Journal of Neural Transmission

, Volume 121, Issue 4, pp 367–369 | Cite as

Tardive dystonic syndrome induced by the calcium-channel blocker amlodipine

  • Dirk Dressler
Neurology and Preclinical Neurological Studies - Short communication


Identification of drug exposure as a cause for dystonia is important since cessation of the causative agent offers a chance for remission. We describe two patients with a cranial, cervical, pharyngo-laryngeal and axial dystonia, akathisia, breathing dysrhythmias together with depression and anxiety. Both patients were started on the calcium channel blocker (CCB) amlodipine 1 month before symptom onset. They symptoms were non-acute and due to CCBs well-known D2 antagonism; hence they were classified as a tardive dystonic syndrome. Parkinsonism and depression have been described especially for the CCB flunarizine and cinnarizine. Tardive dystonia under CCB has rarely been reported. CCB exposure should be investigated in all dystonias with cranial, cervical, pharyngo-laryngeal and axial manifestations, especially when additional akathisia, Parkinsonism and depression are present. When CCB induction is suspected, CCB cessation may offer a chance for spontaneous remission. Whether CCB exposure can deteriorate, idiopathic dystonia is unclear. Therefore, CCB should best be avoided in patients with dystonia.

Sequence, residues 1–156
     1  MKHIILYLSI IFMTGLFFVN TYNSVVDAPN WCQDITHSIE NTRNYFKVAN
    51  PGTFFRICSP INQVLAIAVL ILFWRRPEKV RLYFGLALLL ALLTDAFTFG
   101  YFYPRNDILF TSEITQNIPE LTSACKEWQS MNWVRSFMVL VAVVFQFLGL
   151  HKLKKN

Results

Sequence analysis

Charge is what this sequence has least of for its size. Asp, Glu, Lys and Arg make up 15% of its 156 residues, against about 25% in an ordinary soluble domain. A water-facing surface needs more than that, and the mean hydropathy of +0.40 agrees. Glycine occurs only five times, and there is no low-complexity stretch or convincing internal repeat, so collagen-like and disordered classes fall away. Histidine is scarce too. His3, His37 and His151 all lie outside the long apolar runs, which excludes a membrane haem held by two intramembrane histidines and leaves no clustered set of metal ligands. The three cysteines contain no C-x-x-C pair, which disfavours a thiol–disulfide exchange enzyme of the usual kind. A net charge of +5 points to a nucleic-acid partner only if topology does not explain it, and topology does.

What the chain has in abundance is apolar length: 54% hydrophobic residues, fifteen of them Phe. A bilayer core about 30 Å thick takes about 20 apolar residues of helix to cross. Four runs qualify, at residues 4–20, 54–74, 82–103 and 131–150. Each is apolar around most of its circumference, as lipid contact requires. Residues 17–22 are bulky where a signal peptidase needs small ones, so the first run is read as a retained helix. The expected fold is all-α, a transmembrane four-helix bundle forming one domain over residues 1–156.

Tardive dystonia Calcium channel blocker Amlodipine Breathing dysrhythmia Akathisia Depression Anxiety Dopamine blockade 


Conflict of interest

DD received honoraria for consultations from Allergan, Eisai/Solstice, Ipsen, Merz and Syntaxin. He is a shareholder in Allergan. He holds patents in botulinum toxin research.


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Copyright information

© Springer-Verlag Wien 2013

Authors and Affiliations

  1. 1.Movement Disorders Section, Department of NeurologyHannover Medical SchoolHannoverGermany

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